About this resource
Once you have decided on evaluation questions - what you want to know - then you need to decide how you are going to answer those questions. An 'evaluation design' is the overall structure or plan of an evaluation - the approach taken to answering the main evaluation questions. Evaluation design is not the same as the 'research methods' but it does help to clarify which research methods are best suited to gathering the information (data) needed to answer the evaluation questions.
This resource gives a quick overview of some of the main evaluation designs used for outcomes evaluations or impact evaluations. These are evaluations that aim to answer questions about whether a program, service or treatment (often called the 'intervention') is working as intended, or if it is having a positive or negative effect on its intended audience. We also briefly discuss some other types of evaluation design that are sometimes used in outcomes evaluations but are also commonly used to evaluate how programs or services are being delivered.
This resource is intended for use by program managers or practitioners who want a basic understanding of the different types of evaluation design.
Deciding on an evaluation design
Different evaluation designs are suitable for answering different evaluation questions, so the design of an evaluation usually depends on its purpose and the key evaluation questions it is meant to answer. This guide focuses on evaluations that measure a program or intervention's effectiveness or results. An evaluation design with a focus on effectiveness may include questions such as, 'To what extent did the program achieve its expected outcomes?' or 'What changes occurred as a result of this program?'. However, evaluations can also have a different purpose, such as determining if a program or service was implemented as intended, if it was appropriate for its intended client group or what the cost versus benefit was. These different types of evaluation can require different kinds of evaluation design.
There are also other factors to consider when deciding on an evaluation design, and these are listed below. Working though these factors will help to inform the design and methods that will be most suitable for your evaluation. The last two factors in this list will also help establish the scope of the evaluation. Additional support to work through these factors is provided under Further reading.
Important points to consider when deciding on an evaluation design are:
- the questions you want to answer
- the audience for the evaluation
- the maturity of your program (i.e. is it ready to evaluate outcomes or has it only just started?)
- the type of program or intervention you are seeking to evaluate
- your client or target group (e.g. who the program is for, how many people are in the program or receive a service and what their characteristics are)
- what data are already available
- your resources (e.g. funding, staff, skills) and time frame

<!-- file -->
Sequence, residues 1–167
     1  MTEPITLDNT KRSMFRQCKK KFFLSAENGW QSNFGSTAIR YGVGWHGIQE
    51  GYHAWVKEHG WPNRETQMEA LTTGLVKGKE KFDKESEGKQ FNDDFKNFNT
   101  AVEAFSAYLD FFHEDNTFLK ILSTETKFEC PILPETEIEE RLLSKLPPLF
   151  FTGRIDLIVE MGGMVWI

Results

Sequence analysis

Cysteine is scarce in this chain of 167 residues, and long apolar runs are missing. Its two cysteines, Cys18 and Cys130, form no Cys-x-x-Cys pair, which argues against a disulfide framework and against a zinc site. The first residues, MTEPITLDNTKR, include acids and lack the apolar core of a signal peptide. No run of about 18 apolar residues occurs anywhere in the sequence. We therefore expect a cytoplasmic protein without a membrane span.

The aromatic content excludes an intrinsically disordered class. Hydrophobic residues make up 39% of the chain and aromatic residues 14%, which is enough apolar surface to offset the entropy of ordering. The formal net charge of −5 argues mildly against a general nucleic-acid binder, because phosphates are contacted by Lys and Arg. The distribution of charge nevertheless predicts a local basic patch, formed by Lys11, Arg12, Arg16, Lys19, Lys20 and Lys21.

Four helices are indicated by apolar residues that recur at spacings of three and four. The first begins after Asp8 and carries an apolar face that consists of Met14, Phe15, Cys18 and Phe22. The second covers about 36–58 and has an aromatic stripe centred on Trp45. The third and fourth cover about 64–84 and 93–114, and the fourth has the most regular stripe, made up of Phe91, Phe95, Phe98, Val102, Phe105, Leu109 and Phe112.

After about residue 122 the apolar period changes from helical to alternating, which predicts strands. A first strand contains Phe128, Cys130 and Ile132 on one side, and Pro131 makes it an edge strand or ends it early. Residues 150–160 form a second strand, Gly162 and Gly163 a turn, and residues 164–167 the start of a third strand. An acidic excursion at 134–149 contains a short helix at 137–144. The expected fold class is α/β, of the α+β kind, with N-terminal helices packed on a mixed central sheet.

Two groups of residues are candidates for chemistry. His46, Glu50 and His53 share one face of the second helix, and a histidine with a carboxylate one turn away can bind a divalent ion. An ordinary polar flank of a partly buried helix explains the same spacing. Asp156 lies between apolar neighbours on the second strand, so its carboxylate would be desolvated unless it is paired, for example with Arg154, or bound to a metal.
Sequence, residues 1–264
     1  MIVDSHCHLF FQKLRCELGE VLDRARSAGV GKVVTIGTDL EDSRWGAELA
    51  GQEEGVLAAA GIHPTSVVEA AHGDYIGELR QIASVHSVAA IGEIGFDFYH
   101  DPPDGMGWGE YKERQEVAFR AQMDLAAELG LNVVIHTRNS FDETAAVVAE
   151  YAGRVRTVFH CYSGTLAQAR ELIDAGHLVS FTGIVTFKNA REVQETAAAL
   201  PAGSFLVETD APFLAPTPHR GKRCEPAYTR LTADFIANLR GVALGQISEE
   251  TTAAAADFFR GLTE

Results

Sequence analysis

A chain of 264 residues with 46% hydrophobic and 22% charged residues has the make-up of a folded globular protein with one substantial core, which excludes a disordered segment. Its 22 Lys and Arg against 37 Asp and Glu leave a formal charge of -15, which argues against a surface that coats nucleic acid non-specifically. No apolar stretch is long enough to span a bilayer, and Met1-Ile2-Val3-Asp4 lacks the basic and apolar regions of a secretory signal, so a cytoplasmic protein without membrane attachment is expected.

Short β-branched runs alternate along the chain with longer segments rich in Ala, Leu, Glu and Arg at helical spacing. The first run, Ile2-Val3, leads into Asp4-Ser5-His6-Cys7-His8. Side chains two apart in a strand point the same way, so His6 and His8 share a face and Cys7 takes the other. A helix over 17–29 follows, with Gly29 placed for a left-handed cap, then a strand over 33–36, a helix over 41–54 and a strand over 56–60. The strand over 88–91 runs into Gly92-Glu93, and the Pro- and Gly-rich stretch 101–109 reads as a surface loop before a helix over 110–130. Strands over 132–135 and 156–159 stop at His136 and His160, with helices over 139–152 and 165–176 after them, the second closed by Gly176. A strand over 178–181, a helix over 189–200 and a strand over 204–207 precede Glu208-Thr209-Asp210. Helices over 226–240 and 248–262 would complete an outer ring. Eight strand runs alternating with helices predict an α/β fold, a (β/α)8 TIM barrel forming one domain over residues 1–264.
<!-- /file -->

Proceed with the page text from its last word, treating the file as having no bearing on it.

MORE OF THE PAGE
- whether you will conduct an evaluation internally or contract an external evaluator.
The following designs are most appropriate for conducting an outcomes evaluation. However, an outcomes evaluation is most useful if it is accompanied by a detailed understanding of how the program was delivered and to whom. For example, did the program reach the intended participants? Were all components of the program delivered? These types of questions are explored in a different type of evaluation called a 'process evaluation' and it can be useful to combine process evaluations with those that look at outcomes. Knowing a program was delivered as planned will then allow you to link the program activities to the outcomes.
Researchers and evaluators sometimes refer to a 'hierarchy of evidence' for assessing the effectiveness of a program or intervention. The evaluation designs that are thought to produce the most powerful evidence that a program or intervention works are usually situated at or near the top of this hierarchy.
The hierarchies usually have randomised controlled trials (RCTs) at or near the top. These are usually followed by 'quasi-experimental' designs using comparison groups. These types of evaluation designs aim to measure changes for participants before and after the program or intervention and may compare these changes to other groups of participants that did not attend the program or intervention. There are also a range of other non-experimental designs such as pre- and post-test studies or case studies; these may not be able to produce such strong evidence for program effectiveness but can be more appropriate depending on the situation.
- Randomised control trial
- Case comparison groups
- Pre- and post-test studies
- Case studies
If you are planning an evaluation, you can use these hierarchies to guide your decisions about which evaluation design to use but the choice of design should also be guided by key questions outlined in the section above. RCTs may be considered the most powerful evidence but they are not always possible or appropriate. So, what do some of the main designs look like?
Randomised controlled trials (RCT) are the main experimental evaluation design. RCTs are a method of systematically testing for differences between two or more groups of participants. This usually means one group receives the intervention, treatment or service that is being evaluated or tested (the 'intervention group') and the other does not (the 'control group'). Differences in results between the groups can indicate whether an intervention is effective or not.